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Re: Extensibility strategies, was: Deciding in public (Was: SVGWG SVG-in-HTML proposal)

From: Julian Reschke <julian.reschke@gmx.de>
Date: Mon, 04 Aug 2008 20:02:07 +0200
Message-ID: <4897441F.5020309@gmx.de>
To: Ian Hickson <ian@hixie.ch>
CC: 'HTML WG' <public-html@w3.org>

Ian Hickson wrote:
>> If a domain name would be sufficient. So how many people within, for 
>> instance, Google, would want the ability to mint names, and how would 
>> you coordinate them?
> 
> A simple registry in a revision control system, probably, or a wiki.

So the domain name would not be sufficient, right?

>> I'm pretty sure it can easily happen now that new restrictions on new 
>> TLDs have been more or less removed.
> 
> Could you actually give an example where this could happen? I haven't been 
> able to find a case where an actual clash could happen, even with a 
> totally open TLD space.

As the TLD space isn't open *yet*, it's hard to provide that example.

But specifications need to be designed in way that they continue to work 
in the future, right? (I was mentioning this because apparently software 
that supports right-to-left languages already has big issues when 
detecting domain names in context, due to I18Ned domain names, and soon 
arbitrary TLDs).

>>> Consider that even without any sort of disambiguation mechanic other 
>>> than just picking unusual names, Microformats has had no serious 
>>> problems with clashes. If you add domain names to the same thing, the 
>>> problem really becomes moot.
>> The microformats process does not scale. It "works" because it simply 
>> rejects proposals that do not look "common" enough, which of course 
>> reduces the number of potential clashes significantly.
> 
> Microformats scales across the entire Web. That's pretty good as far as I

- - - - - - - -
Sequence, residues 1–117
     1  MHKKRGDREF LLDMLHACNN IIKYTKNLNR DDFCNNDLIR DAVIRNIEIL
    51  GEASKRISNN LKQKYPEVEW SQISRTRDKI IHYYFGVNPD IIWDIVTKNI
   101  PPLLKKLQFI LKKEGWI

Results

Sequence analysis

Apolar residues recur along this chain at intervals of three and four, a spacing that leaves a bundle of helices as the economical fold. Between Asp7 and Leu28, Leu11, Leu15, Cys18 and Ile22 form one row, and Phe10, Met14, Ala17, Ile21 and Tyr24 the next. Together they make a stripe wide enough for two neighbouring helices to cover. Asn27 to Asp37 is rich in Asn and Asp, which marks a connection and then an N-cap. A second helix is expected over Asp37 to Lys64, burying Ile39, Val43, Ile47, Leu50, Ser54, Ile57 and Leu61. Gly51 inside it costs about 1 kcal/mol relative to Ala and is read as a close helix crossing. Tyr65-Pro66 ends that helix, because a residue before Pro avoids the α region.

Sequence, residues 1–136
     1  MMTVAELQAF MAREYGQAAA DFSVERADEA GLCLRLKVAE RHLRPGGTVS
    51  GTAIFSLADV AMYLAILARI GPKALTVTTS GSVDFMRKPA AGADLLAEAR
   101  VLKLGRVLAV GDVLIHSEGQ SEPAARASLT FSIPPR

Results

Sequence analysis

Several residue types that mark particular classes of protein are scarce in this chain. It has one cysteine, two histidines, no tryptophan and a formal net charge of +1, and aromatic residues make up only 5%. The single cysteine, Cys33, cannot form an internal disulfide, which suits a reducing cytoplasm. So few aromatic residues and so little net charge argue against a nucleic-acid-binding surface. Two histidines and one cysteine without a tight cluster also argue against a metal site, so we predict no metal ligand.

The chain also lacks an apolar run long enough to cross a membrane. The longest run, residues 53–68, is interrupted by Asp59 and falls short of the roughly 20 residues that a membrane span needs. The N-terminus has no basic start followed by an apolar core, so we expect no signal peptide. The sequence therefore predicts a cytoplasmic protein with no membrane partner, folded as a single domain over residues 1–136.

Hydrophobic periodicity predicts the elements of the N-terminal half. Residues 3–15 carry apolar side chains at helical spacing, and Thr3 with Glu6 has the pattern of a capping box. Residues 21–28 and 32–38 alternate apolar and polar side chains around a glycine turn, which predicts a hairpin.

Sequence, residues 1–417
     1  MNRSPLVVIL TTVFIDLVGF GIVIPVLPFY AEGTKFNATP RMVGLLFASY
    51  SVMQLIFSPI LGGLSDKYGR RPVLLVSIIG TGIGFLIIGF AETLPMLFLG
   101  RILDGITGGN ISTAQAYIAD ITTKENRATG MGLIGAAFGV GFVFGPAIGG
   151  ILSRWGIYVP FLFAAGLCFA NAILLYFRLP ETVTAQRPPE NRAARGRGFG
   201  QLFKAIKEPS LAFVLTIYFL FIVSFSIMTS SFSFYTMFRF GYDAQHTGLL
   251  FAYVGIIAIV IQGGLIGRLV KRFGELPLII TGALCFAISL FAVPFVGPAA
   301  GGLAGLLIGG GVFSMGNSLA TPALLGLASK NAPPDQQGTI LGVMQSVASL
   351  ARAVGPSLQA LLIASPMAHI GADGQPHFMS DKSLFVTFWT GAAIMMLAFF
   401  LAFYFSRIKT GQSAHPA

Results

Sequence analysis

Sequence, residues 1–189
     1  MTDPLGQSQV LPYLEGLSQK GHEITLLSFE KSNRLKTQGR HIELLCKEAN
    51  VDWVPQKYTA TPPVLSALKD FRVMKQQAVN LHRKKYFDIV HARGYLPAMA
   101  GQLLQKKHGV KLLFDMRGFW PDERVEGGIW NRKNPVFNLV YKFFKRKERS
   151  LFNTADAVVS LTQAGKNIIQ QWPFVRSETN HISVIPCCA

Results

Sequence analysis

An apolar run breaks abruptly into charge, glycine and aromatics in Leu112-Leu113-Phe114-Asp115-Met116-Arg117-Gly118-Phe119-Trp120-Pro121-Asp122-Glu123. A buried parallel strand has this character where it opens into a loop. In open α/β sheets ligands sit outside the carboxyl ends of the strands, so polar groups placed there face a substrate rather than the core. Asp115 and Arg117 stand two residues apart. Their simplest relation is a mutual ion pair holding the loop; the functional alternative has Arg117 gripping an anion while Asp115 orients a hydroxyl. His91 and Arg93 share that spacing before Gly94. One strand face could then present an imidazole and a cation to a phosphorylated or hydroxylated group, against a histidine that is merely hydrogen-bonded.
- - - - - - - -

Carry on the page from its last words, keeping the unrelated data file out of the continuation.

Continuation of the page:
> can tell. It's not just clases with other Microformats that matter, it's 
> clashes across all users of classes.

The process doesn't scale, otherwise people wouldn't be sent away just 
because their use case wasn't considered "important" enough.

>> That being said, clashes have occurred (what does the "title" class name 
>> stand for?), and it's also a known problem that you get in trouble once 
>> you want to nest information.
> 
> These problems are fixable without complicated disambiguation schemes.

How?

> ...
>>> If the price for that is that you have to use a syntax intended for 
>>> this use, which is in a different _syntactic_ space than the 
>>> language's main vocabulary, is _that_ an acceptable price?
>> Not sure what exactly you mean by "syntactic space". Namespace-qualified 
>> elements *are* in a different space, right?
> 
> I mean that instead of sticking your extension here:
> 
>    <xxxx>
> 
> ...you stick it here:
> 
>    <div class="xxxx">
> 
> It's a different syntactic space than the language's main vocabulary. Is 
> that an acceptable price?
 > ...

If it would work *reliably*, yes. I don't see how it could, as class 
already has different semantics.

>> Point 2: transformations in general are not required to look for 
>> profiles (pointer?). Again, are you mixing up GRDDL (the base spec) with 
>> GRDDL use cases for microformats?
> 
> If transformations are not required to look for profiles, then ignore my 
> second point. Problem solved.

Great.

BR, Julian
Received on Monday, 4 August 2008 18:02:54 UTC

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